Talking to a muffler manufacturer isnít something we typically do, but Stainless Ride makes a unique product. All its mufflers are handcrafted and all are built out of stainless steel, instead of chrome. We talked to Hassan about his company and its products.
Motorcycle.com: How long has Stainless Ride been around?
Shareef Hassan: Stainless Ride has been around for three years by itself, but it acquired another company called EPCO which has been around for 30 years?
MO: What bikes do you build product for?
SH: Stainless Ride started off with the BMW products, the Hinkley TriumphÖ We have Yamaha, Honda, and Harley-Davidson. We build mufflers for metric cruisers, tourers, retro and vintage bikes. The one place weíre not too strong is sportbikes, but we do have a couple of prototypes for the Triumph Speed Triple on the drawing board.
MO: Are all your pipes made to order?
SH: We tend to take a lot of custom orders in. Some people may want something for an oddball bike. They send us a sample muffler and say ďchange this, change that.Ē We do have direct sales, but weíre also carried by various distributors across the United States and Canada.
MO: After placing an order, how long does it take for the muffler to be completed and shipped?
SH: It depends on if itís a completely new design or if weíre adapting something from an existing design. From an existing design it usually takes no more than a week and a half before itís in the customerís hands. If itís a completely new design, itís probably about six to eight weeks.
MO: How many slip-on pipes does Stainless Ride make in a month?
SH: We typically make about 120 to 150 slip-ons a month.
MO: What sets Stainless Ride mufflers apart from other aftermarket slip-ons?
SH: They are still hand-fabricated instead of going through a big industrial process. We enjoy working with our customers. People say ďcan I really get that changeĒ or ďI really want this type of cut.Ē Itís not a very complicated process or a huge industrial process. Customers really like that we can interact on a one-on-one basis and design a muffler for them. Itís not like Vance & Hines or one of these other companies. They make great product and they have a wonderful place, but itís a huge industrial place and you canít talk to somebody down in production thatís making your muffler for you.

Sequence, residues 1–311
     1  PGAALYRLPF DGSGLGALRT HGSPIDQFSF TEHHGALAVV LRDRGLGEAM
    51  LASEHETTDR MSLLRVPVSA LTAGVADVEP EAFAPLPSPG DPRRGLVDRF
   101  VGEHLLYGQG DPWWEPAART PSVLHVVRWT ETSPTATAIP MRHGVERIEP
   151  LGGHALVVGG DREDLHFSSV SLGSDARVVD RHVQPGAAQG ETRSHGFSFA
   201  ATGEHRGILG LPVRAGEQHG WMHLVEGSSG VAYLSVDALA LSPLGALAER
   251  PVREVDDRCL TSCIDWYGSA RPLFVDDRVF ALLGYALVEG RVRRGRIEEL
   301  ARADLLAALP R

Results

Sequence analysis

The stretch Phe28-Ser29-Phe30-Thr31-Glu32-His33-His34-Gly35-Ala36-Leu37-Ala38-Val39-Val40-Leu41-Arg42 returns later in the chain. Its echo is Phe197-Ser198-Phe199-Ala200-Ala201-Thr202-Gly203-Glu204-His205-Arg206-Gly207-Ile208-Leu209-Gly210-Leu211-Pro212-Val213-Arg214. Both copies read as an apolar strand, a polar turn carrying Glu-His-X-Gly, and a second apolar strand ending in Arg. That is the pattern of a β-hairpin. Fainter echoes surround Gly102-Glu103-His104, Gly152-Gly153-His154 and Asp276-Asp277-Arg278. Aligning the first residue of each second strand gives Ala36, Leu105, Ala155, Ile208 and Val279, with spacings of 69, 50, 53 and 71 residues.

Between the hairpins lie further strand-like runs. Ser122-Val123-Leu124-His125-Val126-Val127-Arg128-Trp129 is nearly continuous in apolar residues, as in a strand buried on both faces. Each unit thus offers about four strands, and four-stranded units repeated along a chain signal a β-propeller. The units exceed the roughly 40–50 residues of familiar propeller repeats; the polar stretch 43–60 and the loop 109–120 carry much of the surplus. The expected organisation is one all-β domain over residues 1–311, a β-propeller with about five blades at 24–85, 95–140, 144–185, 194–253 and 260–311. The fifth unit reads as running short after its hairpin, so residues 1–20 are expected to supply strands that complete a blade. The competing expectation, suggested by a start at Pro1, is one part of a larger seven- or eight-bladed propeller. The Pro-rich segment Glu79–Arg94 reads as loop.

MO: What are the benefits of using a stainless steel muffler?
SH: You think about your cutlery in your house or a surgeonís instruments Ė stainless steel lasts forever. You put your fork in the dishwasher it doesnít get rusty if you leave it there for a few days. Stainless has a durability factor. Unless you tip your bike, that muffler is good for life. The other benefit for stainless is it has a tone that is different from chrome. Itís a deeper, throatier sound. That has nothing to do with the inside of the muffler Ė this is just the metal resonance itself. With that property you can actually make some mufflers that sound a lot more mellow.
MO: Are your customers generally looking for a stainless replica or something more unique?
SH: We can do a bone stock replica of what the factory delivered and weíve done that for some customers. But typically our models have a bigger opening or a different cut or something that says itís not exactly stock. Our typical line is a little bit different than stock. A little bit bigger a little more aggressive looking.
MO: What kind of performance gains do you get with a Stainless Ride muffler?
SH: These are not drag pipes. Itís obviously not too hard to make a pipe that will show extremely well on a dyno just before your engine blows up. Our pipes are built for riders that enjoy real world performance, which means crisper throttle response, it will have more mid-range torque, and it will have a nice sound at idle. It will have a nice sound at the midrange, but it will not be so obnoxious that youíll want to put down your bike because your ears are ringing. Thatís where our target is. Now, customers do call us and say ďI want it loudĒ and we have done that for them, but typically we have the customer that enjoys going on a five or six hour tour.
MO: Explain the manufacturing process in laymanís terms.
SH: We start off at the laser house. They cut out the necessary blanks for the mufflers. The blanks are rolled and welded together. After every step thereís a special process that determines if the muffler is round or the welds are straight and everything is correct. Then the ends are put on and it starts to go through the grinding process where it starts to look like a satin stainless steel finish. From there it gets polished and it looks like a mirror finish after that Ė like a chrome muffler. Then itís put into the fixtures and jigs to make sure everything is correct. Then we weld on the brackets, hangers and those areas are polished. Then the muffler is given one final polish and given a final inspection. Then itís bagged, boxed and sent to the customer.
MO: What does an owner have to do to preserve the finish on a Stainless Ride muffler?
SH: I would say an average rider might need an in between cleanup once or twice a year with different polishes you can buy commercially. Every five years it might need a real good re-polish to bring it back to where it was when you got it new.
For more information on Stainless Ride, visit StainlessRide.com. Prices generally range from about $400 to $500 for existing designs.